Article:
Name: Jessamine Faustino
Entry 2: Day 1 of our Rural Clinical Experience!
I hit my snooze button about 4 times this morning. What a great start to a beautiful day! We started the day with “brekky” at around 8am in the MWC dining hall. The chef was very understanding when we told him we had only been given 2 dining cards for the 5 of us. He reassured us that the rest of us would be issued cards and there must have been some sort of mix up when distributing our keys. “No worries,” he said. So we had some breakfast and coffee. I would say each of us averaged 2 coffees each before leaving the dining hall. Little did we know, those coffees would not be the last of the day.
We had about a half hour before Kristy and Adam would be picking us up for drop off to our rural clinical experiences, so we decided to take a walk to a nearby field where kangaroos and deer like to roam around. Luckily, we saw 2 kangaroos hopping about the field! Supposedly, kangaroo kicks are so powerful they can kick your scalp right off or even crush your chest in! After seeing the wild kangaroo, we walked back to the colleges to collect our belongings.
Adam and Dr. Martin greeted us in the parking lot. Dr. Martin stopped by just to see us off. Thanks to him and the rest of the UNE faculty, we were blessed with this shadowing opportunity! Thank you, thank you, thank you!!! Once all of our belongings were packed in the car, we drove to the medical school to pick up Kristy and say hello to Dr. McKeown. We took some photos in front of the medical school and met some of the medical students in passing. Adam took us to a lovely café on campus where most of the faculty goes for coffee. While waiting for our coffees, we learned the differences between a “short black” and “tall black” and a “flat white”. Short and tall black is equivalent to a small and large coffee in the states, while a “flat white” is simply a coffee and milk without foam!
Alas we started our trek to Tenterfield, a small town about 200 km north of Armidale. It took us roughly 2 hours to get there. We stopped at a café for lunch before dropping off Nicole, James, and Chris at Tenterfield community hospital. They would be shadowing Dr. Rachel Harvey, who is the main GP (general practitioner) working at Tenterfield Community Hospital (she lives 3 doors down!). After saying our goodbyes, Tatiana and I headed back to Glenn Innes to drop off our luggage before starting our clinical experience. When we arrived at our accommodation, we could not believe where UNE had booked our stay. They had rented out an enormous 5-bedroom cottage (it was honestly more like a HOUSE) for us to stay in this week. Tatiana and I both chose the rooms with the queen-sized beds, since it would only be the two of us for the first 2 nights. In addition to the beautiful décor, every bed had electric blankets!!
Afterwards, we headed to East Avenue Medical Clinic to meet with Dr. Phillip Correy, one of the local GPs. GPs, or general practitioners, are equivalent to our PCPs in the US. Much like our system, GPs are responsible for referring patients out if they are in need of any specialized care. But unlike our system, GPs take on the role of pediatricians, geriatricians, and family doctors, at least in the rural areas. GPs see everyone! While shadowing Dr. Correy, we saw patients of all ages and a wide range of illnesses and medical conditions.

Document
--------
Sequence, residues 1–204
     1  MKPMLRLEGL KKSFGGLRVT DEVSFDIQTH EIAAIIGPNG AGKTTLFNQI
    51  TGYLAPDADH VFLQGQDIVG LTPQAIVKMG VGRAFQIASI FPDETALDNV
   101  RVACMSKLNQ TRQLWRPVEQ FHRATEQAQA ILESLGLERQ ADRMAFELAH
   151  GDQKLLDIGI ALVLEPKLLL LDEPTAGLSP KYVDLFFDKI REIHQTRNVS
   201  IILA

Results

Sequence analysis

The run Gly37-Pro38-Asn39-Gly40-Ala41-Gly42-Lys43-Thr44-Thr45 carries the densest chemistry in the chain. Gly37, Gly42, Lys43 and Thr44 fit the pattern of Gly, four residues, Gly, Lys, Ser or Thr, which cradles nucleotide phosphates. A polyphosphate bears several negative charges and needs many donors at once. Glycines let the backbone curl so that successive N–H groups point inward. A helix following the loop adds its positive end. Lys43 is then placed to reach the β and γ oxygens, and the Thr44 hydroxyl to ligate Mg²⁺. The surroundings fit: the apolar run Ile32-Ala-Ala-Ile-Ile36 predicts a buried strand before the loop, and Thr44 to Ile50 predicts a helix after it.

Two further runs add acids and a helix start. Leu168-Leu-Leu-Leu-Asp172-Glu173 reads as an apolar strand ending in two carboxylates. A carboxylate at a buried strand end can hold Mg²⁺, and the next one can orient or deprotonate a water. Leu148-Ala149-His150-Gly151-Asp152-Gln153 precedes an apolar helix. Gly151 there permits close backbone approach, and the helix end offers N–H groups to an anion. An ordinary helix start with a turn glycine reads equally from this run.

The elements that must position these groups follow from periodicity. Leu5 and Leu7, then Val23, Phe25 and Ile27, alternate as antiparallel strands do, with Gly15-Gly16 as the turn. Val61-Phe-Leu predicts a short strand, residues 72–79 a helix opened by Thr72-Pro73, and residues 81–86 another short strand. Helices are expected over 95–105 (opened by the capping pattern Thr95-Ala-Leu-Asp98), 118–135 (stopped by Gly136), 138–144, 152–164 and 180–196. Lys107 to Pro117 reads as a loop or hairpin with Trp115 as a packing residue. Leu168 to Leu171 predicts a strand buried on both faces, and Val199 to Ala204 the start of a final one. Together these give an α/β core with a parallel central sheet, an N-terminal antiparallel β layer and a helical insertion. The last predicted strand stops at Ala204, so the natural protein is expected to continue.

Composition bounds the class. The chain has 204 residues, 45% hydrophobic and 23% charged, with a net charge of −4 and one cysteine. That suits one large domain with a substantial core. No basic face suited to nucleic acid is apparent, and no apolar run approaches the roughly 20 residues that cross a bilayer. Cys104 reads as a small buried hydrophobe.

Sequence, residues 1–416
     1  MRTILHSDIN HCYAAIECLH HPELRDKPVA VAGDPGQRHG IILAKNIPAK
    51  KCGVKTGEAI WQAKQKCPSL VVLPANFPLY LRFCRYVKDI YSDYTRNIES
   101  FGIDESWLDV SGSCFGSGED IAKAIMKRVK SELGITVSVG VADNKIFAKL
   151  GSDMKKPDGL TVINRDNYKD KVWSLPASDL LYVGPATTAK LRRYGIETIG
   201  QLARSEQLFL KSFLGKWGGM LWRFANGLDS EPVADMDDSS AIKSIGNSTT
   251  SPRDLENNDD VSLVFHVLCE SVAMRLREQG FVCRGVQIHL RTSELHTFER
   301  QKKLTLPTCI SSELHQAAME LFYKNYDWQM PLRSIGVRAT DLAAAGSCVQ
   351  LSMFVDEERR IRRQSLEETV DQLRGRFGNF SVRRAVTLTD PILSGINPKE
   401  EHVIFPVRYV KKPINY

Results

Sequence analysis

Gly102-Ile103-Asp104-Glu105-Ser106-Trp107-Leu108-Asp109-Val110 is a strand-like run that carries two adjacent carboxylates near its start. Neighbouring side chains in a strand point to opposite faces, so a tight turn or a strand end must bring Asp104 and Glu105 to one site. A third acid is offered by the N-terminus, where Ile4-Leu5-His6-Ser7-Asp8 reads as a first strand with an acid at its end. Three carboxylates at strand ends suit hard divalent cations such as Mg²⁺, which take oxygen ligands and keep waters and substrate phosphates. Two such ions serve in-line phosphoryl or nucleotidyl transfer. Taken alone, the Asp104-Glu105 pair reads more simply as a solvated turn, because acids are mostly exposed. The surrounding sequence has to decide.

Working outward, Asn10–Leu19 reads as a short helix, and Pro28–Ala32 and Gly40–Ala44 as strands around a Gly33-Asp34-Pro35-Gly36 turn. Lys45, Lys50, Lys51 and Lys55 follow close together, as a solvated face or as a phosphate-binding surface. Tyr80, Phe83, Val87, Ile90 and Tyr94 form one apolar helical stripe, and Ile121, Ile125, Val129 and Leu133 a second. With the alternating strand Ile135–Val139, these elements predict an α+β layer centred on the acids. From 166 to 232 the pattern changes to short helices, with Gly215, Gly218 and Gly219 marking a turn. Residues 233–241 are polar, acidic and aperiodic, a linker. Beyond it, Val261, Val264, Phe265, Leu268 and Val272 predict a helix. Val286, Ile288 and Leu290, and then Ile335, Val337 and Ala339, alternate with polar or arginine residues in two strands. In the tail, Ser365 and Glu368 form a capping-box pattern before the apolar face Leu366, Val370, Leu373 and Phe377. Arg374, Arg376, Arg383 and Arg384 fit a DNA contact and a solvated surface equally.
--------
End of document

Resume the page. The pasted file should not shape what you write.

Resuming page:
Tatiana and I arrived at the clinic around mid-afternoon and were able to see 8 patients with Dr. Correy. Of the eight patients, 2 were women in early and late stages of their pregnancy, 2 gentlemen had B12 deficiencies, 1 was in remission for Non-Hodgkin’s lymphoma, 1 gentlemen had a rotator cuff injury, 1 had a history of colon cancer, and the last gentlemen had a history of hemochromatosis but presented to us with a distended belly and diarrhea.
At the end of the clinic day, Dr. Correy took us back to our cottage and we set out for some groceries and food. Tatiana and I found a place to eat nearby called the Crystal Room, it was one of only places open past 7pm in the town. Glenn Innes has a main road with a variety of small shops and cafes that spans a quarter mile long. The town reaches nightfall by 7 or 8pm so we tried to get back to our cottage promptly after dinner.
A little background on Glenn Innes: The population is about 5000. The town is so tiny that it only has one hospital and one clinic to serve the entire population. I noticed that Dr. Correy knew each and every one of his patients as well as their friends and family. The fact that Dr. Correy knew his patients and their individual histories by heart, allowed his appointments to be more focused and brief.
Healthcare in small, tightly knit communities like this one is quite different from the fast-paced nature of healthcare that we are used to back home, but it is just as effective. These doctors have very little resources at their disposal to care for an entire community. It’s quite remarkable what they can do without all of the advanced medical devices we have back at UCIMC. It really puts medicine back into perspective for us young physicians-in-training. Reminds us that there was a time when we couldn’t just get CXRs, CTs, and blood test results STAT and that doctors used to only rely on their senses as diagnostic tools (perhaps not so much the tastebuds…hehe). It has been an incredibly eye-opening experience thus far, and I look forward to what the next day has in store for us.